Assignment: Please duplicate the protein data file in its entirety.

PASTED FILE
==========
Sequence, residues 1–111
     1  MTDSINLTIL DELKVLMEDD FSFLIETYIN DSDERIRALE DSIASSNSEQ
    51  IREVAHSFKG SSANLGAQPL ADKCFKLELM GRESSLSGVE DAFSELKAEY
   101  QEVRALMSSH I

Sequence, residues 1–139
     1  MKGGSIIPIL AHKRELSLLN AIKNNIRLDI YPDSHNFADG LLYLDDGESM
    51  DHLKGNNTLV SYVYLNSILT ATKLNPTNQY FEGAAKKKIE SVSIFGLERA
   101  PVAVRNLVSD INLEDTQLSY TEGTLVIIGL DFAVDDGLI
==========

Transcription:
Sequence, residues 1–111
     1  MTDSINLTIL DELKVLMEDD FSFLIETYIN DSDERIRALE DSIASSNSEQ
    51  IREVAHSFKG SSANLGAQPL ADKCFKLELM GRESSLSGVE DAFSELKAEY
   101  QEVRALMSSH I

Sequence, residues 1–139
     1  MKGGSIIPIL AHKRELSLLN AIKNNIRLDI YPDSHNFADG LLYLDDGESM
    51  DHLKGNNTLV SYVYLNSILT ATKLNPTNQY FEGAAKKKIE SVSIFGLERA
   101  PVAVRNLVSD INLEDTQLSY TEGTLVIIGL DFAVDDGLI